Proofread what you’ve written a few times over to check for punctuation or grammar errors and how well your writing flows. Try and enlist the help of a friend or relative to give it a read over, they may spot something you missed!

Now you should go back to the job vacancy and re-read all of it. Check if there are any special instructions you should follow when applying for the position, like if they’re asking for the documents to be submitted as a particular file type or maybe want you to add a job reference number to your cover letter. 

Make any of the changes you need and ensure everything’s in order. Overlooking small things like this could ruin your otherwise perfect cover letter!

Example teaching assistant cover letter

Teaching assistant cover letter

Download our Cover Letter Template and Make Yours Today!

Struggling to put your cover letter together? Download our free cover letter template and get a head start on writing an amazing cover letter. Make sure to follow the rest of our tips and learn how to land that job you’ve always wanted!

Step 6: Prepare for interviews

We all know that job interviews can be nerve-wracking, but being well prepared for the interview will help you to appear calmer and more confident. It might seem obvious, but make sure that you always present yourself professionally at interviews, dress well, and always be polite. First impressions can make or break your chances!

Interviews can be daunting and hard to prepare for–especially if you don’t have much experience–but we’re here to help you out. 

We’ve compiled a list of common questions that you might be asked in your interview for an early years job and how you should go about answering them, as well as some questions you can ask your interviewer to help show your interest in the position!

Questions your interviewer might ask

Your motivations

This is possibly one of the most common questions. The interviewer wants to see your motivations for wanting to become a teaching assistant. Be sure to show your passion and dedication for the job, and explain why you enjoy the profession. Refer to your own experiences which make the job rewarding for you.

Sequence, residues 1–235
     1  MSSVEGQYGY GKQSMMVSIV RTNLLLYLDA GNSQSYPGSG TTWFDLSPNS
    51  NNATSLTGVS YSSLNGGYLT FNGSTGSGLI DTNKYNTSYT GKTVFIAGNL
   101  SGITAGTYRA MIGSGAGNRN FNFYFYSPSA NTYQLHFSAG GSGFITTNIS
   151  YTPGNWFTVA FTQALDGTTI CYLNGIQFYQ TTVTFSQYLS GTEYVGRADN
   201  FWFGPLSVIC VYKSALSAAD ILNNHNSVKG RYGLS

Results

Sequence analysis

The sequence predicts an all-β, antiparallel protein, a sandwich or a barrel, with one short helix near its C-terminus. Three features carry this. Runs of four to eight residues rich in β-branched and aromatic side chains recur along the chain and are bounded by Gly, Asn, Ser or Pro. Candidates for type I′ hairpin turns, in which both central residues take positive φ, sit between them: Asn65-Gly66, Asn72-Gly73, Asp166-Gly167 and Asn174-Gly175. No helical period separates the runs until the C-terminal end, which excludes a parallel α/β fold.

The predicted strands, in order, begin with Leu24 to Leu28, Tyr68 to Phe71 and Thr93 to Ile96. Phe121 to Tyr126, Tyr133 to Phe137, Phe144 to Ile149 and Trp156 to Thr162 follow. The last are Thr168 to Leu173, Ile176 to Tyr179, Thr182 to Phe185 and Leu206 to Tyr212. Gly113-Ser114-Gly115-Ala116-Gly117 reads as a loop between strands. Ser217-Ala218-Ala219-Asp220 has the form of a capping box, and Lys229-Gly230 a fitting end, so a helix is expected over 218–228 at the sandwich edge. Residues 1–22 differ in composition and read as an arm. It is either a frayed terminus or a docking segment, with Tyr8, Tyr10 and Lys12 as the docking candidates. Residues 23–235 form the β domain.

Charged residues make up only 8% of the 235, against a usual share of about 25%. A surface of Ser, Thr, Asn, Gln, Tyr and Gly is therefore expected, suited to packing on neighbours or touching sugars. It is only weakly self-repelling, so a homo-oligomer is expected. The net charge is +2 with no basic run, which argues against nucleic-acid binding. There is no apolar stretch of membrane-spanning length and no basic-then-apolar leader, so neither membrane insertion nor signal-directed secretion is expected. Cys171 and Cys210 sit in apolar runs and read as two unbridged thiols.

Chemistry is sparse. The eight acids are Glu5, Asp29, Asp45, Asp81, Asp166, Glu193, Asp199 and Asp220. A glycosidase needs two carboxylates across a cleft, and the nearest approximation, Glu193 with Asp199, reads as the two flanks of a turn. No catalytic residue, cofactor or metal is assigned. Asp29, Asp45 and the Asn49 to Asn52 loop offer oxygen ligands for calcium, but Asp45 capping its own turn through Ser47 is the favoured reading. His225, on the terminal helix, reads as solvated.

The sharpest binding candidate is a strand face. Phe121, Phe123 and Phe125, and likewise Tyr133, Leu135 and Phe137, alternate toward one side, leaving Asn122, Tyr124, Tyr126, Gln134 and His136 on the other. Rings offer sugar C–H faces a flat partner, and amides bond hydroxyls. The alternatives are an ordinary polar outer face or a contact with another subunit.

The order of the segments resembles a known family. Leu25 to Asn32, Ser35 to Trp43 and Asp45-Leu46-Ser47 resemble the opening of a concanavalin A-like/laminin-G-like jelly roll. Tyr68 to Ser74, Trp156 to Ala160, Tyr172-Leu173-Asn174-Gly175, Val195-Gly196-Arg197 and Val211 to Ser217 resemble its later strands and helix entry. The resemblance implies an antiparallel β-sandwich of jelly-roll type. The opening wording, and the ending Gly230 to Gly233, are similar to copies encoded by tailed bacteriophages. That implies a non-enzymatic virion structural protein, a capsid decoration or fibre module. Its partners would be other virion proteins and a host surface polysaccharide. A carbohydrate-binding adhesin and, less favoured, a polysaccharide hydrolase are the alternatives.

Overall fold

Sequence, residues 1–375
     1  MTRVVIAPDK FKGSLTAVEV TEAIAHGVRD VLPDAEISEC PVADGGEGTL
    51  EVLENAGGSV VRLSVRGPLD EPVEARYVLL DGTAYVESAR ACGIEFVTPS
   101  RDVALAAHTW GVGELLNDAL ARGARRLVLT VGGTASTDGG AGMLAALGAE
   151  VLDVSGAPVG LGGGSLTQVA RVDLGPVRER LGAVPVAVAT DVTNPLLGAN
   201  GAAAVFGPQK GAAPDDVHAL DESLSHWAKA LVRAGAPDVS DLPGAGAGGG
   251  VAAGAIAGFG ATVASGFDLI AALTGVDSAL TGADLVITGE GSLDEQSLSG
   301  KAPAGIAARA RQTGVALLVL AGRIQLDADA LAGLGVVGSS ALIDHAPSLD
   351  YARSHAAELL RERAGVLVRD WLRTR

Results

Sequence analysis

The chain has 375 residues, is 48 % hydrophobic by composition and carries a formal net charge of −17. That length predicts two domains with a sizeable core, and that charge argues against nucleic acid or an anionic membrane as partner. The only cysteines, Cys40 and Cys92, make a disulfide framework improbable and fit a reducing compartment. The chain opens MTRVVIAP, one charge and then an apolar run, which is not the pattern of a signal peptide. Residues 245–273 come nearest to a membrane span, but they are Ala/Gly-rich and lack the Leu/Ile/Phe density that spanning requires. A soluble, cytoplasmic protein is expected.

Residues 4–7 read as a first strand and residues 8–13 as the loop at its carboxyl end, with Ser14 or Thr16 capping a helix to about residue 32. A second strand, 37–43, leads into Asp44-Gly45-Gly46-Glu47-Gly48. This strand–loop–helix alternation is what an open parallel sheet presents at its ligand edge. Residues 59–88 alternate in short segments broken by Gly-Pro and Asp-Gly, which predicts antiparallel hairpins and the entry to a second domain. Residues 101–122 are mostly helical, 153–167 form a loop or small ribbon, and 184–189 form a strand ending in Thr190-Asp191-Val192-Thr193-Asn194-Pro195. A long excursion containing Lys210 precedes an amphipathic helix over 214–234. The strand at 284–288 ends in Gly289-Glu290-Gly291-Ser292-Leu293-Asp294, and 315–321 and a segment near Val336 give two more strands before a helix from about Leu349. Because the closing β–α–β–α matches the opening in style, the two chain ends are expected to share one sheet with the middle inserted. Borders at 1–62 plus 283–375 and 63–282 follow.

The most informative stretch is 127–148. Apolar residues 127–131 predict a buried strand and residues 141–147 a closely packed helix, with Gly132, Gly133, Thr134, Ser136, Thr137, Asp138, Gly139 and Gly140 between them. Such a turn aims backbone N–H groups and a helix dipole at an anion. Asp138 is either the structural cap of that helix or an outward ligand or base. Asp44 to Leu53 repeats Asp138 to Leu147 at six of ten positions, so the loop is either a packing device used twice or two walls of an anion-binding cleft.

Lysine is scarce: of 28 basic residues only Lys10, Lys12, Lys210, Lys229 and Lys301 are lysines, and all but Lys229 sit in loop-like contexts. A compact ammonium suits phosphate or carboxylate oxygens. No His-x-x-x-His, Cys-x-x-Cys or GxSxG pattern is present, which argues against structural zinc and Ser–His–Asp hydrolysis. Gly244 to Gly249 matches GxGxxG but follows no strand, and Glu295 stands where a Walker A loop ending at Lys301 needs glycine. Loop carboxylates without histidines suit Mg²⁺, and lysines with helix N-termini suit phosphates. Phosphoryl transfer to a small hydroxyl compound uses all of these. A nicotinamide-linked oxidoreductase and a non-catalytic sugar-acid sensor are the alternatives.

Teaching assistant jobs are extremely fulfilling and rewarding. This question is asking you to discuss why you think it is a rewarding job. You could talk about how helping children thrive academically is extremely rewarding as you become their guide, supporting them in their educational needs and helping with their progression, but try to make your answer personalised. What about the job is rewarding for you?  

This is a common question when applying for a job in any school and you should use this question as an opportunity to show the employer that you have taken the time to find out more about the school. Make sure to research the organisation beforehand and note down anything that really stands out to you so you that you can bring that knowledge into your interview. 

Being able to talk about the school will show that you have a genuine interest in the job and help to get across your dedication to the position you’ve applied for. If you turn up not knowing anything about the school then it could make a bad impression, or at least not a great one.

This is another personal question, so in your response you should try to demonstrate your passion for the role and talk about what you really do enjoy about your work. You could also refer to specific situations in previous jobs if they had a particular impact on you and your enjoyment of the job.

Your personal approach to the role

This is a general question that the interviewer will use to gain an understanding of your idea of what a teaching assistant does day-to-day. 

Use this as an opportunity to show them that you understand the role and that you would make a good candidate. Read the job listing to prepare for this question and see what responsibilities your potential employer is prioritising for the role. 

If you already have experience in a teaching assistant role, going over your previous experience and what you would do in that role will help to further demonstrate your understanding. When answering questions like this with examples from your previous work or study try using the STAR method!